With his second novel, he wasn’t so lucky. He couldn’t find a publisher and worked as a waiter, a bartender and a fishing guide to pay the bills. His fishing buddy Steve Byers convinced him to move to Ennis, Montana, and there they would pass the winter doldrums playing chess by a small wooden stove, the only heat source in David’s $30-a-month rental house. When his fictional plots failed to hook any book deals, he accepted a ghostwriting position in Butte, a $1,000-a-month job researching American technology. And when that fell through, he used the research to write a spy novel, The Zolta Configuration, a “potboiler” with sex, violence and the history of nuclear technology. It didn’t sell well, he says, but it got great reviews so he wrote another one.
And then, everything changed — all because of a fly-fishing trip and a boozy evening with two other starving freelancers.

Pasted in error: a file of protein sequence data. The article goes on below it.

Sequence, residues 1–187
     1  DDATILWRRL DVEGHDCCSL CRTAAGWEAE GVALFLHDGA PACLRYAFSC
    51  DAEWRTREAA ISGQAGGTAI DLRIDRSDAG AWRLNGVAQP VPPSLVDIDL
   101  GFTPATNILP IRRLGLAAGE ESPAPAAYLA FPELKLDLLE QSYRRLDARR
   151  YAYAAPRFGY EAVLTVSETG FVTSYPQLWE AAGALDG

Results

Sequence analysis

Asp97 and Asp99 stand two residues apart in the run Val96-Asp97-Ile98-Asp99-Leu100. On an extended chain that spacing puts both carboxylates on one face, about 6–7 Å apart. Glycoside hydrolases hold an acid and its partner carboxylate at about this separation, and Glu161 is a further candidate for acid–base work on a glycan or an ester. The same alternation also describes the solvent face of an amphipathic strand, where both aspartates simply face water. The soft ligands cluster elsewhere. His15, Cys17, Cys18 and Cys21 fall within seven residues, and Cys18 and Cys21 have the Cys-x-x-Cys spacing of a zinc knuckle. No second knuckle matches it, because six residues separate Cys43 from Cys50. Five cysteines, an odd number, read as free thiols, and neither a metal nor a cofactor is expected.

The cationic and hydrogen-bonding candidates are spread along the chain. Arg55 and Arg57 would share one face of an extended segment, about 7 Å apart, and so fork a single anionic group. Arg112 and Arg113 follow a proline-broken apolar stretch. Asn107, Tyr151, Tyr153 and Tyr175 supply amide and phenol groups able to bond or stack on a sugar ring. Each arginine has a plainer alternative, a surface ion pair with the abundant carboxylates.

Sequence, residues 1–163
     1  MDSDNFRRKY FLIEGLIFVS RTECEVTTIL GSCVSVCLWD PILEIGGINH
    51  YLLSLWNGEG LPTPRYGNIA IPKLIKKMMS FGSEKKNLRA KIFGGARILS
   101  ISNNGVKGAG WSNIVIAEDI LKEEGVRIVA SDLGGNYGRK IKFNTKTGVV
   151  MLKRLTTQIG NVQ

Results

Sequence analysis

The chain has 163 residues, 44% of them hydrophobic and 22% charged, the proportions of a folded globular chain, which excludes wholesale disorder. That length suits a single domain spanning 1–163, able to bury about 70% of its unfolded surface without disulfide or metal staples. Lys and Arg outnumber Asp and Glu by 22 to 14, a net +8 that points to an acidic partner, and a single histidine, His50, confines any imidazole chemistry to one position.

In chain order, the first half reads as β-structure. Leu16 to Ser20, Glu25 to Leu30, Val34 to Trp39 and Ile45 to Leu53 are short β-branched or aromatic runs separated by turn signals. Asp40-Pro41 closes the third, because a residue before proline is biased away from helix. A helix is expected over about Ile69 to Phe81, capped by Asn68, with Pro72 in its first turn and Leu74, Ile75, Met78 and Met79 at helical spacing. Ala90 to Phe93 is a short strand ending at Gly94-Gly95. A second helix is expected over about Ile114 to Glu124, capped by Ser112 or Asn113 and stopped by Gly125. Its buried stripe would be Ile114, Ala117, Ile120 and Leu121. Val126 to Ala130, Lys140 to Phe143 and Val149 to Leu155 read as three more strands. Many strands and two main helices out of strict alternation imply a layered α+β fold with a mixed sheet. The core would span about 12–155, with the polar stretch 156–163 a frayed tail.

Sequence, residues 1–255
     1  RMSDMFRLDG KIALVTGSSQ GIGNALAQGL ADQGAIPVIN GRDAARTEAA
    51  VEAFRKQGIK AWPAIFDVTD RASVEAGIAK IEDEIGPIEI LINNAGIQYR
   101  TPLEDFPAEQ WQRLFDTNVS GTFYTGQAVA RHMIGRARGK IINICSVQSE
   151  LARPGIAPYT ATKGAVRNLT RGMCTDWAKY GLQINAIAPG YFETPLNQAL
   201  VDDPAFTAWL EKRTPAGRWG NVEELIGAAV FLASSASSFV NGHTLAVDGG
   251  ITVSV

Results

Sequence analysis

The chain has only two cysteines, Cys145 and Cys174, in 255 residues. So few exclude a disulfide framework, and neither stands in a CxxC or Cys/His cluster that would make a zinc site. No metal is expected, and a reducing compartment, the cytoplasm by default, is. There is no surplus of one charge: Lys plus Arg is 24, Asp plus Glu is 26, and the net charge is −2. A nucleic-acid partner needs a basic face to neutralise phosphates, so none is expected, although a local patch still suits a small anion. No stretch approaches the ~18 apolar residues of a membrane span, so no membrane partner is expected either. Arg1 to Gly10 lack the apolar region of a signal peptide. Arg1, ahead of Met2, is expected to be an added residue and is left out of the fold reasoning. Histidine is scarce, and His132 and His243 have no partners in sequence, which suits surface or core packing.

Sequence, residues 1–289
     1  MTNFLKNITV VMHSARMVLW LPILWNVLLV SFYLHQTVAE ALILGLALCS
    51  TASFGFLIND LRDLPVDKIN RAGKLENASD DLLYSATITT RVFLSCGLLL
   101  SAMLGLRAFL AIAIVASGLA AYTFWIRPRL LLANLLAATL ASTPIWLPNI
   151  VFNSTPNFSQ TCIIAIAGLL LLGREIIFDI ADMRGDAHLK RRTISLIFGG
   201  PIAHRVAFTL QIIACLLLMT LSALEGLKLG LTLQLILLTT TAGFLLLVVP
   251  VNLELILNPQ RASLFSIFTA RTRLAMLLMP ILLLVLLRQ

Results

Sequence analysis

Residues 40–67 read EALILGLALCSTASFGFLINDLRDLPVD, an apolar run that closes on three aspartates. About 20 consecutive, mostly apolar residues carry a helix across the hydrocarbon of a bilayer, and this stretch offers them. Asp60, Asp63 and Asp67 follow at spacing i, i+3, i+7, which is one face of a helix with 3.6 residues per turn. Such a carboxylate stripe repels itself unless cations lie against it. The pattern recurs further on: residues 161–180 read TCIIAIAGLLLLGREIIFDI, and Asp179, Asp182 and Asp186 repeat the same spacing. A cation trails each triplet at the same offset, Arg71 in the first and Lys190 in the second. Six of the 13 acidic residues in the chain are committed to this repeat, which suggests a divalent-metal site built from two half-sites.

DAVID AND HIS WIFE, Betsy Gaines Quammen, live today in a modest Craftsman-style house in Bozeman with Oscar, the cat, and their dogs, Harry, Stella and Nick. His office, in the back, is tightly packed with bookshelves that are even more tightly packed with books. On his desk are stacks of books and papers and reporter’s notebooks, all organized by project. Currently he’s trying to balance his responsibilities for National Geographic with research he’s accumulating for a new book, which revolves around molecular biology and returns, in a sense, to Charles Darwin and the Tree of Life theory found in his early note- books on evolution.
Like many of Bozeman’s veteran residents, David never intended to plant his roots in the college town. People come here in search of more mountains and fewer skyscrapers. They stay to enjoy the historic diners serving homemade chicken fried steak and strawberry rhubarb pie along Main Street and to ski mountains that are, unlike those in Colorado, not yet infiltrated with vacationing Europeans or reckless spring breakers.